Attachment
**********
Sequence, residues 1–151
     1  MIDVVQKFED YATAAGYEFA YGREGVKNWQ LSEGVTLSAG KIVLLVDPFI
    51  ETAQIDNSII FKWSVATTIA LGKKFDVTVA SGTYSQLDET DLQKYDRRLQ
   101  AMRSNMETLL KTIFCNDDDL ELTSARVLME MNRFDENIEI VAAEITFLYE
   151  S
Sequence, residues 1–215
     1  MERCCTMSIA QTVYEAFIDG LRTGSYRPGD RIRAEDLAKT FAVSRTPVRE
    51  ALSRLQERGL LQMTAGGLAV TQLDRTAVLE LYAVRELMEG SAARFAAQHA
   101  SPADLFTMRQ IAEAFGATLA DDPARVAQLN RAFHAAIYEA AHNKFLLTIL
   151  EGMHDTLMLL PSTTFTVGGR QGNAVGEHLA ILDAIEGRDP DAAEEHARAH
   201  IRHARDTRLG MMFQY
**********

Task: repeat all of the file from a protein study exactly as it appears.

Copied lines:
Sequence, residues 1–151
     1  MIDVVQKFED YATAAGYEFA YGREGVKNWQ LSEGVTLSAG KIVLLVDPFI
    51  ETAQIDNSII FKWSVATTIA LGKKFDVTVA SGTYSQLDET DLQKYDRRLQ
   101  AMRSNMETLL KTIFCNDDDL ELTSARVLME MNRFDENIEI VAAEITFLYE
   151  S
Sequence, residues 1–215
     1  MERCCTMSIA QTVYEAFIDG LRTGSYRPGD RIRAEDLAKT FAVSRTPVRE
    51  ALSRLQERGL LQMTAGGLAV TQLDRTAVLE LYAVRELMEG SAARFAAQHA
   101  SPADLFTMRQ IAEAFGATLA DDPARVAQLN RAFHAAIYEA AHNKFLLTIL
   151  EGMHDTLMLL PSTTFTVGGR QGNAVGEHLA ILDAIEGRDP DAAEEHARAH
   201  IRHARDTRLG MMFQY